Wednesday, January 30, 2008

Not a permanent condition

Deena Winter's series The Core, winds down today in the Lincoln Journal Star with some closing observations and the lead editorial. Couldn't have said it better myself, and it makes me to wonder whether my posts about this neighborhood could have contributed to the effort. I hope so. It needs the attention, and it's gratifying to see a little friction being generated. I just hope it turns into some energy.

I wish there were just one more little article in the series to remind people that the condition is not permanent. An individual apartment building car rebound, an entire neighborhood can too. We have many examples of this around Lincoln. Some long-serving police officers will note the difference today between the President and the Ambassador--two apartment buildings in the shadow of the State Capitol that used to be a virtual police substation due to the volume of calls and problems. Today, they are not an issue. Sgt. Don Arp will remember the trouble at a group of apartment buildings near 56th and Holdrege. They're not perfect, but still a far cry from 1994.

Assistant Chief Jim Peschong will recall vividly the major problems we were experiencing along a three-block stretch of W Street in the early 1990's, when that area was under his command. He lit that street up like an airport runway with a little help from the Lincoln Electric System. Those three apartment buildings where his officers were virtually camped out due to the volume of crimes have experienced a grand total of seven minor police incidents in the entire year of 2007. Capt. Joy Citta can take pride in the difference up the street in a single census tract in the Clinton Neighborhood. The work of her Team in collaboration with the Lincoln Action Program made a huge difference with Free to Grow.

And here are some larger neighborhoods that are dramatically different, incredibly better places to live or work today compared to the early 1980's when they were my responsibility as the second shift Northwest-Center Team sergeant: Arnold Heights, Malone, and the N. 27th Street corridor. I am embarrassed to admit that we used to refer to one of these neighborhoods as "the Zone"--as in the Twilight Zone. No more. Today, it's a great place bursting with new development, economic vitality, and green space. Stand in front of Liberty Village at 24th and Vine Street, look south, and think about what was here 20 years ago. Check out the police station, commercial development, and streetscape along N. 27th Street and reflect back on how that stretch looked in 1977 or so. And there are others.

As a newly-minted police officer walking foot-beat 1 in the late summer of 1973, I spent my hours flushing drunks, vagrants and pigeons out of a dilipidated and gritty area of Lincoln that his now one of it's shining stars. The condition is not permanent. Neighborhoods ebb and flow. We can't control it entirely, but we can clear the channel.

5 comments:

Erik said...

Thank you, Chief, for adding another important piece to this story. Lincoln has a lot going for it with numerous organizations such as Neighborworks, Neighborhood Service Exchange and all of the partners that Free to Grow is pleased to count from the schools, to city and county representatives as well as LPD and local businesses. WE have been very grateful for Capt. Citta's work, just as we are for Capt. Kawamoto and the Center Team.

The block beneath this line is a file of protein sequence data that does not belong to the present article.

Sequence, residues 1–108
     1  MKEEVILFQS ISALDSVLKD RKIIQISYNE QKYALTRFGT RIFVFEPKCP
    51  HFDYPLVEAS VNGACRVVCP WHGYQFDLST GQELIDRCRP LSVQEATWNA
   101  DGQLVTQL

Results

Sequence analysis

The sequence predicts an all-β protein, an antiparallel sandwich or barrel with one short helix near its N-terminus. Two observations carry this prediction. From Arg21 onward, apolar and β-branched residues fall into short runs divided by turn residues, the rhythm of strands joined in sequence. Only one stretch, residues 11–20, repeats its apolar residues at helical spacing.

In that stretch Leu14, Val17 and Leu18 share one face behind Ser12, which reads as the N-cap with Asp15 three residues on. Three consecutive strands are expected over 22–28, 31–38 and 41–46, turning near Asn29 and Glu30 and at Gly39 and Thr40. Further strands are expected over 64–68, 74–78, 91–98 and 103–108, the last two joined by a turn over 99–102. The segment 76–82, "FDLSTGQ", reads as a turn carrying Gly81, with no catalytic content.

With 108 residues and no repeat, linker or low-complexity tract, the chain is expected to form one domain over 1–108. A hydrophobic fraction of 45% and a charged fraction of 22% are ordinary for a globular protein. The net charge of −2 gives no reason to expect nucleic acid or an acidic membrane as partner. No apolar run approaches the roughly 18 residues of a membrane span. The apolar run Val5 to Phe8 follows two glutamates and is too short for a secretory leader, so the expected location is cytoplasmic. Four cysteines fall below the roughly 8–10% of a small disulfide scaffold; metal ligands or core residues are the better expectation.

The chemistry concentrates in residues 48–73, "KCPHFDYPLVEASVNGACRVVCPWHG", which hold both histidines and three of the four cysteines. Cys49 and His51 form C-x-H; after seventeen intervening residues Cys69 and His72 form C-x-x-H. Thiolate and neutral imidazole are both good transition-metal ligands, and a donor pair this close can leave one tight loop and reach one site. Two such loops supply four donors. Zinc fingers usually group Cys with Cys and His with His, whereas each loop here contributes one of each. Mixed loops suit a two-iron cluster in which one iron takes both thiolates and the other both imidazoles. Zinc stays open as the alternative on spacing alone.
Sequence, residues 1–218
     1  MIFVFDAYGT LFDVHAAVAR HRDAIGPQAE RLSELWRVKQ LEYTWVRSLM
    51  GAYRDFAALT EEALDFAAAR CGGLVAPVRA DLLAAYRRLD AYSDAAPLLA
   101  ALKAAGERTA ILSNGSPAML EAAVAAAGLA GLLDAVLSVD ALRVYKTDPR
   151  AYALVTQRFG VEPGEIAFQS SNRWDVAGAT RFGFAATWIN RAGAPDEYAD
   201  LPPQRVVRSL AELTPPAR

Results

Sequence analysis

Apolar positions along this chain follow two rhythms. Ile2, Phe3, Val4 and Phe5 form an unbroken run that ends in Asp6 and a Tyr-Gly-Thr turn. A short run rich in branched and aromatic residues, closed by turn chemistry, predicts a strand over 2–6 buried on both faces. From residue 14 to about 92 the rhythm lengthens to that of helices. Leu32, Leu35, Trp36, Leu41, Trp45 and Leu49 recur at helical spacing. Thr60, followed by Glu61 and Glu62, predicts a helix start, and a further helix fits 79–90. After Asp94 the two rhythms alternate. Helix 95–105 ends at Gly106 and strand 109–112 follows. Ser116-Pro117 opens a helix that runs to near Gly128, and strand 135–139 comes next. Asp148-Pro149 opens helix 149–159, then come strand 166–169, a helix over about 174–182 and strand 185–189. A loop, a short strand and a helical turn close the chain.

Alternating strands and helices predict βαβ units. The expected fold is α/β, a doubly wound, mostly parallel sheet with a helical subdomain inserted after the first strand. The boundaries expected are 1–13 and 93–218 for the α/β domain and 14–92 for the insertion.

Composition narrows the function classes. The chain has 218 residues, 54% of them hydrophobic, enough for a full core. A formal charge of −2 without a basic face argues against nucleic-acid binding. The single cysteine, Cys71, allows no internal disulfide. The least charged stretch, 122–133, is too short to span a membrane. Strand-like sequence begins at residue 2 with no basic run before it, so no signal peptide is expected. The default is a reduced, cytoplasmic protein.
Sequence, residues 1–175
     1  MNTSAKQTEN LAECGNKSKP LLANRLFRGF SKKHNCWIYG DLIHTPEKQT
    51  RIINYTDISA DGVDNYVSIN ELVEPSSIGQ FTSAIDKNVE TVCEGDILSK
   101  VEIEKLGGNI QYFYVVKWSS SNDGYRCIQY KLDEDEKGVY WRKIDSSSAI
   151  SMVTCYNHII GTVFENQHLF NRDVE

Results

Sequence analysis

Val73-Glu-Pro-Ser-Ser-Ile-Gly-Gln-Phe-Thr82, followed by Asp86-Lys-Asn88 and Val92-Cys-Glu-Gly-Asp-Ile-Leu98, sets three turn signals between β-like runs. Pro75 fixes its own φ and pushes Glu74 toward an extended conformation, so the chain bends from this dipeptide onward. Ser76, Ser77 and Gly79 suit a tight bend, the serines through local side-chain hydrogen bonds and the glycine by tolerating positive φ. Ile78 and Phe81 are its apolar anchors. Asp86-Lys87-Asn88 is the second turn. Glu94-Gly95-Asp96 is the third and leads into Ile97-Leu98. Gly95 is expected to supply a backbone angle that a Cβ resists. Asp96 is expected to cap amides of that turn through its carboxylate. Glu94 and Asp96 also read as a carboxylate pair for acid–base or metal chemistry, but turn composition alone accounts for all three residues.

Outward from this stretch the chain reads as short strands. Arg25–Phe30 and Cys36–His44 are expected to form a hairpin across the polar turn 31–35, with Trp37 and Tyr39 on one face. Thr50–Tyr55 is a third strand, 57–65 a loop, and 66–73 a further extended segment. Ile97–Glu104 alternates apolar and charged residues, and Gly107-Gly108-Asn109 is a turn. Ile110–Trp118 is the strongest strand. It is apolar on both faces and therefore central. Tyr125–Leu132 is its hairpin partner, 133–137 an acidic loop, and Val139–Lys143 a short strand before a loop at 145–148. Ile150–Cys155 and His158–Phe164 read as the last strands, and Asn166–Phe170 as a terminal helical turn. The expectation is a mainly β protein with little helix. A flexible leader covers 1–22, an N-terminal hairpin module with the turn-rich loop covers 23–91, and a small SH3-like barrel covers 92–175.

Lincoln is far better off than many cities, despite our own issues.

Anonymous said...

Here's an example of how disorderly that 24th & Vine area was back in those days. Back in 1980-81, a bunch of high school seniors from Southeast Lincoln pitched in and rented a very large old house at about 24th & T (it's been a lot of years ago, so my memory may not serve me precisely). That area was chosen due to the fact that the residents of the area seemed "least likely to call the police" on the nearly-constant keg parties planned for the location, rent was cheap, and there were a couple of handy liquor stores nearby. They were right about the neighborhood's general aversion to dialing LPD, as they never had any significant calls to that almost-disorderly house, at least not that I can recall.

Rumor has it that someone exercised a little fast talking to allow the house to be rented from a motivated landlord by a platoon of minors. There are always a few guys that started shaving at age 12, and that undoubtedly served them well in this endeavor. Rent was paid on time, dozens of people kicked in 10 bucks a month for utilities and rent, provided hand-me-down furniture, and while hard partying was encouraged and went on day after day, any troublemakers were quickly ejected by those that wanted to keep the house off of your radar screen. It lasted about half a year or so, and I've no idea what happened to the house after they all pulled the rip cord and graduated, but I heard it was torn down and a couple of apartment buildings went up on the site.

Anonymous said...

What about the drunk that calls 911 to report drunk driving..wont believe this

http://blogs.usatoday.com/ondeadline/2008/01/driver-calls-91.html

Anonymous said...

Today I got a warning ticket for stop sign violation by 1568. I had set for 12 sec or so. So here is the result of that stop, my dash cam is going back in service permenantly. In the event my car had just been stolen I would be glad for the stop, but the fact that I was seen going accross "FAST" and that supports in some odd way a stop violation is beyond me. Keep fishing dudes, but next time its going to Barbreak.net and youtube.

Anonymous said...

I wonder, how much grief/cursing out would that "dash cam" have caught 1568 getting from January 31, 5:07 PM?
I'm not a cop. The sense of entitlement, even when breaking the law, is out of control. The prisons are filled with innocent people.